at our Open Days
Launch event for new School of Classics, English, and History
The University’s new School of Classics, English, and History will launch on Thursday 23 November with special guest talks on the theme of ‘Democracy & Humanities’.
The launch will take place in the Templeman Lecture Theatre from 6pm. All staff and students, and members of the public, are warmly invited.
The new School will be launched by the Vice-Chancellor and President, Professor Karen Cox.
The speakers for the evening are:
- Professor Katherine Harloe, Director of the Institute of Classical Studies. An interdisciplinary classicist, Professor Harlow has published on authors ranging from Sappho, Thucydides and Pausanias to Hannah Arendt and Walter Pater. Her books include Winckelmann and the Invention of Antiquity (2018) and Thucydides and the Modern World (2012).
- Professor Lyndsey Stonebridge, Interdisciplinary Chair of Humanities and Human Rights in the Department of English Literature, University of Birmingham. Professor Stonebridge’s work focuses on twentieth-century and contemporary literature, political theory and history, human rights, and refugee studies, drawing on the interdisciplinary connections between literature, history, politics, law, and social policy. Her books include Placeless People: Writings, Rights, and Refugees (2018) and We Are Free to Change the World: Hannah Arendt’s Lessons in Love and Disobedience (2024).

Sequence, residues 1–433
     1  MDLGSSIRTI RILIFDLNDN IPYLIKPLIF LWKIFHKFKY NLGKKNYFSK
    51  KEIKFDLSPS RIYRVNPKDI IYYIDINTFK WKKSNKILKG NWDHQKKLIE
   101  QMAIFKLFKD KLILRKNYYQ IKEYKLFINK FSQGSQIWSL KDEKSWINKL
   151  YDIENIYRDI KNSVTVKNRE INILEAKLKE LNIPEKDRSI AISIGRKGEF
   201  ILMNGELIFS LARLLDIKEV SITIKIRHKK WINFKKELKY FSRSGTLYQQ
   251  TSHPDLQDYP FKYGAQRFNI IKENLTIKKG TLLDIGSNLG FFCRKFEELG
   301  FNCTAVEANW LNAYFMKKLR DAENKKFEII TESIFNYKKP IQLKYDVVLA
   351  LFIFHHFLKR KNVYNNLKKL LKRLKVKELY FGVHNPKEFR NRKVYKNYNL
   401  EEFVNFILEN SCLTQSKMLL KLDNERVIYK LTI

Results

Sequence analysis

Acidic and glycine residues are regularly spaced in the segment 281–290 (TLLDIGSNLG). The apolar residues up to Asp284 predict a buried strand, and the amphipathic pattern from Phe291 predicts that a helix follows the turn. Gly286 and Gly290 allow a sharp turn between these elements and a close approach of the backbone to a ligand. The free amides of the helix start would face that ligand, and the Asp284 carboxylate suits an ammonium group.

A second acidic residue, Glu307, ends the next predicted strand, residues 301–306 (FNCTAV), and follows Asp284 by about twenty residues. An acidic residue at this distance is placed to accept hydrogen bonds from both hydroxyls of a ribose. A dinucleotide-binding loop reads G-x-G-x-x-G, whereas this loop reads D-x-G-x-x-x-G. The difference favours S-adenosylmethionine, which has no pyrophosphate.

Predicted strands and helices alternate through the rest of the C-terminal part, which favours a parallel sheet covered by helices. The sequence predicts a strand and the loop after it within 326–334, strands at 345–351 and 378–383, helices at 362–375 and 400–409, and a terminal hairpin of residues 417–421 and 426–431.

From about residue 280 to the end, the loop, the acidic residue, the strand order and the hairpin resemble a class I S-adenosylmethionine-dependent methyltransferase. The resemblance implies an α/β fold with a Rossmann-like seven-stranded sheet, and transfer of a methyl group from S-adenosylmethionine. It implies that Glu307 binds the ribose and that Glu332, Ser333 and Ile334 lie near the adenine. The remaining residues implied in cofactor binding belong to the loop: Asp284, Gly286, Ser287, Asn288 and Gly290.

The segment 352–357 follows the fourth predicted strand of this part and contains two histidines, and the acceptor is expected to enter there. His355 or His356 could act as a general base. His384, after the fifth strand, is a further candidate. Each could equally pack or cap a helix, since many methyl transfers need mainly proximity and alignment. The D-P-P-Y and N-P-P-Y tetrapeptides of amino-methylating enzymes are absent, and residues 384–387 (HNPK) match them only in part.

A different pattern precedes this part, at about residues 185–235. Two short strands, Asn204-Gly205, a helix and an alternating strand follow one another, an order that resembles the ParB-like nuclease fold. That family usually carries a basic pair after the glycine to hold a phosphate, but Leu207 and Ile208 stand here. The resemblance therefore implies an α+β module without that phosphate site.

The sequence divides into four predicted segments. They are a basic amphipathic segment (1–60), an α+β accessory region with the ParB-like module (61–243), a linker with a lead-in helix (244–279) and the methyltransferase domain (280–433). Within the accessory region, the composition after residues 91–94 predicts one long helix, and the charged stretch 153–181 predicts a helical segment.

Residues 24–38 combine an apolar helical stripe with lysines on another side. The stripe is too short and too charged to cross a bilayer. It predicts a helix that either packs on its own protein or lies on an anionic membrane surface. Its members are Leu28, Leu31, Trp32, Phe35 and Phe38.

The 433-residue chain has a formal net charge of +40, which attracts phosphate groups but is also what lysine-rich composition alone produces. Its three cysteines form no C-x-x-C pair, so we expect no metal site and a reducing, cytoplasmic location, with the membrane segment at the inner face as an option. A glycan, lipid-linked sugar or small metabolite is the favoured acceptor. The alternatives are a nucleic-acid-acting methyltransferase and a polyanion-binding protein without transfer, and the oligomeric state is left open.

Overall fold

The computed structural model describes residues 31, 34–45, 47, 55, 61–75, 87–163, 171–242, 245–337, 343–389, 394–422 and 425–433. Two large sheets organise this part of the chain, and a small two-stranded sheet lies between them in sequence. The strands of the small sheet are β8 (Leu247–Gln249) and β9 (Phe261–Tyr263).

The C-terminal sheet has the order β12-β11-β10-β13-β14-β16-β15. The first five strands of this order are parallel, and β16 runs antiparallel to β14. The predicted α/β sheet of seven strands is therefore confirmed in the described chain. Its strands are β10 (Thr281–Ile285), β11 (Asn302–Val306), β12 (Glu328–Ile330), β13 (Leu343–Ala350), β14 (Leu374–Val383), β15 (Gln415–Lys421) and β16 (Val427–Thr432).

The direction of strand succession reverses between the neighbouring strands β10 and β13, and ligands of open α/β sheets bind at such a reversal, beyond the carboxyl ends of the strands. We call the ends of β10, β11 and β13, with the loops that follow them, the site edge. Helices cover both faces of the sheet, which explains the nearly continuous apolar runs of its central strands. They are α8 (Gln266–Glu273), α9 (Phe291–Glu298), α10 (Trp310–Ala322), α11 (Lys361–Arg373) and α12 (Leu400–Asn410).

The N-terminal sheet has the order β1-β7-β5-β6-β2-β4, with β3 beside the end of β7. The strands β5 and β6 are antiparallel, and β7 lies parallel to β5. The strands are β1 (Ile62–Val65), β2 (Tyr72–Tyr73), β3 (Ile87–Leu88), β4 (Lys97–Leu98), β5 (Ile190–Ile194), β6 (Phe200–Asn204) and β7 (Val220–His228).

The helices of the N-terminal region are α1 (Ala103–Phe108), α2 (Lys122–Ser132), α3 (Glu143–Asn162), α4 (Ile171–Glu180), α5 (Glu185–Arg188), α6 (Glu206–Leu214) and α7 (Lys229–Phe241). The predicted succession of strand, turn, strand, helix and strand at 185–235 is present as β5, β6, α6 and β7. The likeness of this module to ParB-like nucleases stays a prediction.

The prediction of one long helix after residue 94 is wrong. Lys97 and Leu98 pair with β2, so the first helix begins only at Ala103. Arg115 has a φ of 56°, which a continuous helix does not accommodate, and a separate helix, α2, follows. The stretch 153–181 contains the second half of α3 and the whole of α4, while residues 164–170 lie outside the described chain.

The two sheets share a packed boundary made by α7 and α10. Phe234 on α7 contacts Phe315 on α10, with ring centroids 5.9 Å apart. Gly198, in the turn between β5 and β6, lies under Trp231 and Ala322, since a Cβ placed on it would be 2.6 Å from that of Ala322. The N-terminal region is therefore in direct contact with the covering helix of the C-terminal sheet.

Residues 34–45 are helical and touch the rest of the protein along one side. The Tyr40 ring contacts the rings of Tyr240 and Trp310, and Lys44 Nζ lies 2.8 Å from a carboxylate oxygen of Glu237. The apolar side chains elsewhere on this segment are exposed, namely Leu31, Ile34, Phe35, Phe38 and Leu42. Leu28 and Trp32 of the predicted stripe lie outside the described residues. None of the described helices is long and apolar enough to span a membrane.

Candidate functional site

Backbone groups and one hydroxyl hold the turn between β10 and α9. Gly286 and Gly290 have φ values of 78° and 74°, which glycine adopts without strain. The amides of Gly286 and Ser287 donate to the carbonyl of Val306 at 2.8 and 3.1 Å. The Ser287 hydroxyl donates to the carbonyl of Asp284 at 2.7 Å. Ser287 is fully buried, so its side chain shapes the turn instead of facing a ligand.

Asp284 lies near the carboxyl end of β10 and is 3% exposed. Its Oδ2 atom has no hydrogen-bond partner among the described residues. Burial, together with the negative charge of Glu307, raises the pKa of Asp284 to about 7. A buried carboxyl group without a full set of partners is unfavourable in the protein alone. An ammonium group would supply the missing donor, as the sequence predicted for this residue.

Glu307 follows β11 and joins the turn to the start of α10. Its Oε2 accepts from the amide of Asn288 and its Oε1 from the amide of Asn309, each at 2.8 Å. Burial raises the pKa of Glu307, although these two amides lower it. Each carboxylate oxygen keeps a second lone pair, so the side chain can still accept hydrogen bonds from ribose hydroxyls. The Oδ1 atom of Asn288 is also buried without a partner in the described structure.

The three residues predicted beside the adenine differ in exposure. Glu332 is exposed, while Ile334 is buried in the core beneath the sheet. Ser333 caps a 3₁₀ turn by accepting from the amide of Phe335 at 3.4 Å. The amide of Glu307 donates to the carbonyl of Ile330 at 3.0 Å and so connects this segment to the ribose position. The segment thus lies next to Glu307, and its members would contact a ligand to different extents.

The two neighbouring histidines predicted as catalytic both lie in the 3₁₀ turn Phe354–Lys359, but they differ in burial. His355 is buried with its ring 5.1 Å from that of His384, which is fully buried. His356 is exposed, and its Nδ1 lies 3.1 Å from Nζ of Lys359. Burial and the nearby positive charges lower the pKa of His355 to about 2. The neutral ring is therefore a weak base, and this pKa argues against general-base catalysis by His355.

- Richard Toye, Professor of Global History at the University of Exeter, whose research interests include Britain in its global and imperial context in the period from the late Nineteenth Century to the present day. His books include Winston Churchill: A Life in the News (2020) and Age of Hope: Labour, 1945, and the Birth of Modern Britain (2023).
Dr Bashir Abu-Manneh, Head of the new school and Reader in Postcolonial Literature, said: ‘We are incredibly excited to bring together our three disciplines in one School – Classics, English, and History. This new formation is a focal point for academic excellence in the humanities and will help us provide the best education for a new generation of students through curiosity-led, rigorous disciplinary and cross-disciplinary training.
‘Our community of academics is profoundly energised and deeply committed to nurturing future generations of critical thinkers at Kent – creative, questioning, and confident. We are also firmly committed to enhancing our students’ future prospects.
‘The theme of our launch is “Democracy and Humanities” and our internationally renowned speakers will show how democracy and the humanities require one another to shape a fair and just global society.’